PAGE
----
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In the mid-1980s, the Cayman Islands were one of the most
prosperous areas in the Caribbean. The gross domestic product (GDP-
-see Glossary) in 1985 was approximately US$254.5 million, with a
per capita GDP of US$12,789. Approximately 75 percent of all
workers were employed in the service sector. Industry accounted for
an additional 23 percent of workers; the remaining 2 percent were
in agriculture. Forty-two percent of adult women were in the work
force in 1979. As with most Caribbean islands, imports to the
Cayman Islands greatly exceeded exports. In 1983 imports totaled
US$140.4 million, while exports totaled only US$2.4 million. Major
trading partners were the United States, Trinidad and Tobago,
Britain, and the Netherlands Antilles.
Until 1970, fishing generated most of the Cayman Islands'
income. In the 1960s, however, the islands began systematically to
nurture two industries--offshore financial services and tourism.
The territory passed new banking laws and made extensive
investments in infrastructure, including roads, airports, and wells
and desalination plants for water supplies. By the late 1980s, the
islands had become the Caribbean's leading tax haven. Citizens,
permanent foreign residents, and corporations paid no income,
property, inheritance, or capital gains taxes. In 1985
approximately 19,000 companies were registered in the islands,
including 498 banks and trust companies and 369 insurance
companies. Revenues from company registration fees, trust and
insurance licenses, and stamp duties brought in almost US$18
million during 1983. About the same amount was collected in import
duties, and total revenue exceeded government expenditures by
almost US$2 million. Banks on the islands handled an estimated US$1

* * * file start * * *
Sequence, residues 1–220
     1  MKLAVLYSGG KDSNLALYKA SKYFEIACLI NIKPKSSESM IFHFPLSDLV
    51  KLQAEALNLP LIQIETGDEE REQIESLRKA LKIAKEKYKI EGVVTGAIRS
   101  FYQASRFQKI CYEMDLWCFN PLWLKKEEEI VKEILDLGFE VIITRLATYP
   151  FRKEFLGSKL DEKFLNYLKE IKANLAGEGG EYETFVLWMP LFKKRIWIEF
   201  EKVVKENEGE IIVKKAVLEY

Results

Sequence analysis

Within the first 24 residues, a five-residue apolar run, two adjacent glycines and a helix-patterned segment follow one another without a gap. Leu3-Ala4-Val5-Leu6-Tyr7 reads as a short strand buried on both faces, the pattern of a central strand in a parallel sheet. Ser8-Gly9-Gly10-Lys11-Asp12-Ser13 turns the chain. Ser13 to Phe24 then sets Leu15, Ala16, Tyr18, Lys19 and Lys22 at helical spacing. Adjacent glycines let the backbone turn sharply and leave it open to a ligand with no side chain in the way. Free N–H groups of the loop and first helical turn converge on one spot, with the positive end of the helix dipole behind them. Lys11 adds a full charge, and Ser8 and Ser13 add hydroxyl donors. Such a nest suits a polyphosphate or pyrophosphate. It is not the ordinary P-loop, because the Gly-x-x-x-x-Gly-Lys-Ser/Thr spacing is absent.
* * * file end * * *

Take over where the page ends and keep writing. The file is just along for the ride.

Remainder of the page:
billion a day in Eurocurrency (see Glossary) deals. External assets
of banks licensed in the Cayman Islands totaled US$127 billion at
the end of 1982.
The Cayman Islands also has succeeded in building its tourist
industry. Infrastructure for tourism has been developed
substantially, and new hotels and condominiums have been built on
all three islands. Tourist arrivals soared 300 percent between 1973
and 1984, largely because of more cruise ship arrivals. In 1986
more than 382,000 tourists visited the islands, including 216,000
cruise ship passengers. In 1985 tourism contributed US$75 million
to the economy and employed one-fourth of the work force.
Despite the relative prosperity of the Cayman Islands, problems
remained. The tourism boom had inflated land prices to such an
extent that young islanders found it difficult to build homes.
Agriculture was almost nonexistent in the Caymans because of low
rainfall and poor soils. Over 90 percent of the islands' food was
imported, a major part of the Caymans' import bill. However,
development efforts had made the islands self-sufficient in eggs
and bananas, and beef, oranges, and tomatoes also were produced.
Serious questions also had been raised about the offshore
banking industry. In the early 1980s, United States officials
became concerned that Cayman banks were becoming havens for
illegally obtained drug monies. The United States Department of
Justice estimated that between 20 and 40 percent of the US$76
billion generated annually by illegal narcotics trafficking in the
United States and the Caribbean was laundered through offshore
banks in the Caribbean, where criminals were shielded from
investigators by secrecy laws. The United States government
therefore put pressure on Britain and the Cayman Islands to modify
bank secrecy regulations to allow the United States attorney
general access to Cayman bank and business records. On August 27,
1984, the two countries and the Cayman Islands signed a pact
requiring the islands' administrators to obtain requested records
within fourteen days of receiving a certification that the records
were needed for an investigation of a drug-related offense.
The Cayman Islands had a modern communication system in the
1980s. The British firm Cable and Wireless operated an entirely
automatic system of over 9,000 telephones. A small ground satellite
station and submarine cables provided international links to the
United States and Panama. Four radio stations on Grand Cayman
served the island, broadcasting on 1205 and 1555 kilohertz and on
101.1 and 105.3 megahertz. The Cayman Compass and the
Sun were both published five times a week.